It is so important to diagnose endometriosis early in life–catching it early provides the important opportunity to prevent the consequences of the disease’s later stages. However, endometriosis in young women is especially challenging to diagnose because it differs from that of adults. Support, compassionate care, and empathy are all necessary when a young woman is suffering from symptoms of endometriosis, but are not enough. We must do more, including early and accurate diagnosis, education, and early intervention of the early stage lesions in order to halt the progress of the disease. My whole goal in my practice and in the establishment of the Endometriosis Foundation of America is to increase awareness and availability of proper treatment so we can catch this disease in time to limit the damage it does to the body.
For the purpose of clarity on this page, I want to define some terms. I use the word "teenager" to describe a woman between the ages of 13-18, "young woman" for women between approximately 19-23 years old, and adolescents as encompassing both of these age groups. Most girls initially do not ovulate (anovulatory cycle), and therefore their periods are irregular. See the ovulation video clip above as it is relate to period cycle.
Prevalence and symptoms
Most women with endometriosis started experiencing symptoms in their teenage years (Nnoaham, 2011)
Endometriosis has been found in girls as young as 8 years old (Laufer, 2003)
According to an interesting theory, endometriosis may start forming in girls as young as newborns (Brosens, 2013)
The most common symptoms in adolescents differ from those of adults, and include:
NSAIDs can be used for pain management (Laufer, 2003)
often results in bone density loss and severe side effects (Laufer, 2003)
often result in dependency and addiction
analgesic (pain-killing) properties often decrease over prolonged periods of use (decreased efficacy)
prolonged use may actually increase the intensity of perceived pain (opioid-induced pain sensitivity) (Ballantyne, 2008; Mao, 2006)
Ballantyne, Jane C., and Naomi S. Shin. "Efficacy of opioids for chronic pain: a review of the evidence." The Clinical journal of pain 24.6 (2008): 469-478.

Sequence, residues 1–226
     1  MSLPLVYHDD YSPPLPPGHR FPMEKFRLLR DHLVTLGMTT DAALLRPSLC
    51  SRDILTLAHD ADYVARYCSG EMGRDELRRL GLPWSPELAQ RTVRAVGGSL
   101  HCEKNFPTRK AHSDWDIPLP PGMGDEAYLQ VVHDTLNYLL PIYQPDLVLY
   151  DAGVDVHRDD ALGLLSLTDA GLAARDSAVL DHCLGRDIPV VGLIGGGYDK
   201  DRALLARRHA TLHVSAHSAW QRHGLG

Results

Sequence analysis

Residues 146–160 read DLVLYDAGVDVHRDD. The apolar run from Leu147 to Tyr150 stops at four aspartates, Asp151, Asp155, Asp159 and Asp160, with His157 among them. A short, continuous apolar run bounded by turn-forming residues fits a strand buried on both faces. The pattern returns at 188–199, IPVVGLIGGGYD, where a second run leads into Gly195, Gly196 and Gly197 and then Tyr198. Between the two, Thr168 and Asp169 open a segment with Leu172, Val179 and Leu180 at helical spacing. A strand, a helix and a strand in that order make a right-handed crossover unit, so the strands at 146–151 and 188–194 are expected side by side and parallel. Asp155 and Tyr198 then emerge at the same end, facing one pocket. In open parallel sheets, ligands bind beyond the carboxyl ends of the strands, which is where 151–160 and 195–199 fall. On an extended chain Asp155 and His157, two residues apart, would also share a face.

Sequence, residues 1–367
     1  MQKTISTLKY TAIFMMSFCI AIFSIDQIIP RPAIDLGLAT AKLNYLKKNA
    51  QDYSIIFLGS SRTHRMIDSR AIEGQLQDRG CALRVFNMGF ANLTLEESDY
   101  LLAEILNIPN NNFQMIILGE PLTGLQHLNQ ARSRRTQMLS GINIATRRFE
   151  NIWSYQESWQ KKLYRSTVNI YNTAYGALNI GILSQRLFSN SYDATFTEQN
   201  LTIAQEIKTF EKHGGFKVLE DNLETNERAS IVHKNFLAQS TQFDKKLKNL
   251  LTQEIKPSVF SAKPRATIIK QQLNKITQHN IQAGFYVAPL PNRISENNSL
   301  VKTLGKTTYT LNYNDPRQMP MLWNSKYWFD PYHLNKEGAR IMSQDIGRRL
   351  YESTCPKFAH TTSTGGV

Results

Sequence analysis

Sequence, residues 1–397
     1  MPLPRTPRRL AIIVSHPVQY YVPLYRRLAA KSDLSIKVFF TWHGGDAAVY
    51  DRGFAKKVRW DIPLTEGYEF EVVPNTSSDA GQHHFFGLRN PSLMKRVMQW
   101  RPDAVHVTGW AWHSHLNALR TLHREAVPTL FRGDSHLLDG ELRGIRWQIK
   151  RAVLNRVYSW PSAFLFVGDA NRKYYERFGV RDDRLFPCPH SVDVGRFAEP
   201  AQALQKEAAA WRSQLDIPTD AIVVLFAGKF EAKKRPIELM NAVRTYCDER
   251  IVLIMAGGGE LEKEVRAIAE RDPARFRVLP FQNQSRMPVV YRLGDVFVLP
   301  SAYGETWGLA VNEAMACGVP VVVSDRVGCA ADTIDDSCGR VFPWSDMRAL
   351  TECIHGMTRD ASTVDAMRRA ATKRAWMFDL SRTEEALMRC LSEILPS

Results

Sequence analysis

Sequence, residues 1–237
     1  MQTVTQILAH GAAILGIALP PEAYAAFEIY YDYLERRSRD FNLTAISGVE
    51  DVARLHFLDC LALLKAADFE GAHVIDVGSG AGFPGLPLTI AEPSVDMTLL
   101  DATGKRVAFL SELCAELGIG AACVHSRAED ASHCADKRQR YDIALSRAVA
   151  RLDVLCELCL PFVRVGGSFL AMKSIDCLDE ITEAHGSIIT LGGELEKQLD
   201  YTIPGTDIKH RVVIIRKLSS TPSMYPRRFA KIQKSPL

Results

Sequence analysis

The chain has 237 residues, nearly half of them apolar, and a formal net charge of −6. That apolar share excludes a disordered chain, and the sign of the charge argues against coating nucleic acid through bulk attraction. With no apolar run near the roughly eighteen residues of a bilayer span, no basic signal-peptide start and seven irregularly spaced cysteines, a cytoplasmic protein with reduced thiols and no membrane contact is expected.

Brosens, Ivo, and Giuseppe Benagiano. "Is neonatal uterine bleeding involved in the pathogenesis of endometriosis as a source of stem cells?." Fertility and sterility 100.3 (2013): 622-623.
Brosens, Ivo, Patrick Puttemans, and Giuseppe Benagiano. "Endometriosis: a life cycle approach?." American journal of obstetrics and gynecology 209.4 (2013): 307-316.
Dovey, Serena, and Joseph Sanfilippo. "Endometriosis and the adolescent." Clinical obstetrics and gynecology 53.2 (2010): 420-428.
Doyle, J. O., S. A. Missmer, and M. R. Laufer. "The effect of combined surgical-medical intervention on the progression of endometriosis in an adolescent and young adult population." Journal of pediatric and adolescent gynecology 22.4 (2009): 257-263.
Laufer, Marc R., Joseph Sanfilippo, and Gillian Rose. "Adolescent endometriosis: diagnosis and treatment approaches." Journal of pediatric and adolescent gynecology 16.3 (2003): S3-S11.
Mao, Jianren. "Opioid-induced abnormal pain sensitivity." Current pain and headache reports 10.1 (2006): 67-70.
Shah, Divya K., and Stacey A. Missmer. "Scientific investigation of endometriosis among adolescents." Journal of pediatric and adolescent gynecology 24.5 (2011): S18-S19.
Smorgick, Noam, et al. "Prevalence of pain syndromes, mood conditions, and asthma in adolescents and young women with endometriosis." Journal of pediatric and adolescent gynecology 26.3 (2013): 171-175.
Yeung Jr, Patrick, et al. "Complete laparoscopic excision of endometriosis in teenagers: is postoperative hormonal suppression necessary?." Fertility and sterility 95.6 (2011): 1909-1912.
Vicino, Mauro, et al. "Endometriosis in young women: the experience of GISE." Journal of pediatric and adolescent gynecology 23.4 (2010): 223-225.
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